When displacing one or more are adjacent features, the higher a feature is on the list below, the more it should be attempted to maintain its correct position over those lower on the list. Natural features will be given precedence over constructed features. Features not on the list may be displaced unless otherwise stated in Appendix A, Feature Class Dictionary or in the paragraphs above. In such circumstances the position of features on the list will be maintained over the position of features not listed. If two features need to be offset to one another and neither is listed, the position of the feature with greater landmark value will be maintained.
For example, if a railway and road were coincident at the scale being produced, the railway would be displaced. Where two or three features are close and adjacent, one may be displaced by up to 225 metres at 1:250 000 scale and 90 metres at 1:100 000 scale. In the worst case when all these features are close and adjacent, one may be displaced by up to 675 metres at 1:250 000 scale and 270 metres at 1:100 000 scale.
Such displacement must maintain the correct alignment and spatial relationship of one feature to the other. Point features such as buildings in close proximity to linear features should be displaced in such a way that they retain, as far as possible, their positional relationship relative to other features. Where displacement of buildings will result in unnecessary clutter they may not be represented on the map. After displacement, these symbolised features will not remain within accuracy tolerances and therefore cannot be included in accuracy tests.
2.3 Use of Map Symbols
2.3.1 Positioning of Symbols
Normally the centre of a symbol will correspond with the position of the centre of the feature on the ground and unless otherwise specified, the orientation of the symbol will correspond with the orientation of the feature on the ground.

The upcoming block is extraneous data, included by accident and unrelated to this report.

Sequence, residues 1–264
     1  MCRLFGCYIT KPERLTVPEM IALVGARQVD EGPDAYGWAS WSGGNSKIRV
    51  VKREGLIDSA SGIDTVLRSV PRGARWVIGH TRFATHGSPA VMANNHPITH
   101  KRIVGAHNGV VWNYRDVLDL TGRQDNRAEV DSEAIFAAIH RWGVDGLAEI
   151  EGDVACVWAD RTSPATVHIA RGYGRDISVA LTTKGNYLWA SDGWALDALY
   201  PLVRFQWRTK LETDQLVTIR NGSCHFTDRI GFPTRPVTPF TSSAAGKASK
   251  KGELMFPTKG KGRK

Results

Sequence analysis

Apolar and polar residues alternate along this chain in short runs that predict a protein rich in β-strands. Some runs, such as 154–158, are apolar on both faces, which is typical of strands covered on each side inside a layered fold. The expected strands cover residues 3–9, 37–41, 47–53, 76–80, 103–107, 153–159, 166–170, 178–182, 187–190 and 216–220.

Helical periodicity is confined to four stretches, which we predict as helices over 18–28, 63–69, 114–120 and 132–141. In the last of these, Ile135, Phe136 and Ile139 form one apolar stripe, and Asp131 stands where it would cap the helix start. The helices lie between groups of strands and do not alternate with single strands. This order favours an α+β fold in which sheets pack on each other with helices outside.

When, for the sake of clarity, it is necessary to displace a symbol, the amount of displacement will be kept to a minimum. In situations where it is not possible to correctly position all the symbols for a group of features, only the symbol for the most important feature will be shown.
The symbology for linear features will not extend beyond the map neatline. Symbology for features that meet the neatline will be truncated at right angles to the feature within the neatline. Treatment of the symbology for linear features meeting the tile edge is shown below.
2.4 Map Projection and Grid
The maps are published on the Universal Transverse Mercator projection. The projection, spheroid and grid zones are as specified for the Geocentric Datum of Australia 1994 (GDA94). A brief description is available in Appendix M and additional information on GDA94 is available on the World Wide Web at:
2.5 Map Extents
Generally, each standard 1:100 000 map will cover a half degree of latitude by a half degree of longitude. For non-standard maps, extensions have been made to include large cities into one map and also to minimise the areas of sea contained on a map.
At 1:250 000 scale each standard map will cover a one degree of latitude by one and a half degrees of longitude. The maps will also have a 'bleed edge' of approximately three minutes to the north and around 5 minutes to the east. For non-standard maps, extensions have been made to include large cities into one map and also to minimise the area of sea contained on a map.